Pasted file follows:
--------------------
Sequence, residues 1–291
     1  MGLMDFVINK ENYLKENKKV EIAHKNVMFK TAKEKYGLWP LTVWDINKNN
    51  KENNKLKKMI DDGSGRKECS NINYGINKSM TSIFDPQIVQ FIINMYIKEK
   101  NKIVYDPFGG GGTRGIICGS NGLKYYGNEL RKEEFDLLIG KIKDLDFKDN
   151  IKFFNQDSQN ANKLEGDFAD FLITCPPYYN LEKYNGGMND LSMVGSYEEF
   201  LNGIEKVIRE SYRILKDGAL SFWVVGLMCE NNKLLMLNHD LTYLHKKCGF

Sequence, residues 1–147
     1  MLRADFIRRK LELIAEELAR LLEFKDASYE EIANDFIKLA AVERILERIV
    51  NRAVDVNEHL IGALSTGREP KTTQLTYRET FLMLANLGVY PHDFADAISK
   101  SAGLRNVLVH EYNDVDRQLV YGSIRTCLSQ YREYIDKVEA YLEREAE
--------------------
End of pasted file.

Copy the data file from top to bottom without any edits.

Sequence, residues 1–291
     1  MGLMDFVINK ENYLKENKKV EIAHKNVMFK TAKEKYGLWP LTVWDINKNN
    51  KENNKLKKMI DDGSGRKECS NINYGINKSM TSIFDPQIVQ FIINMYIKEK
   101  NKIVYDPFGG GGTRGIICGS NGLKYYGNEL RKEEFDLLIG KIKDLDFKDN
   151  IKFFNQDSQN ANKLEGDFAD FLITCPPYYN LEKYNGGMND LSMVGSYEEF
   201  LNGIEKVIRE SYRILKDGAL SFWVVGLMCE NNKLLMLNHD LTYLHKKCGF

Sequence, residues 1–147
     1  MLRADFIRRK LELIAEELAR LLEFKDASYE EIANDFIKLA AVERILERIV
    51  NRAVDVNEHL IGALSTGREP KTTQLTYRET FLMLANLGVY PHDFADAISK
   101  SAGLRNVLVH EYNDVDRQLV YGSIRTCLSQ YREYIDKVEA YLEREAE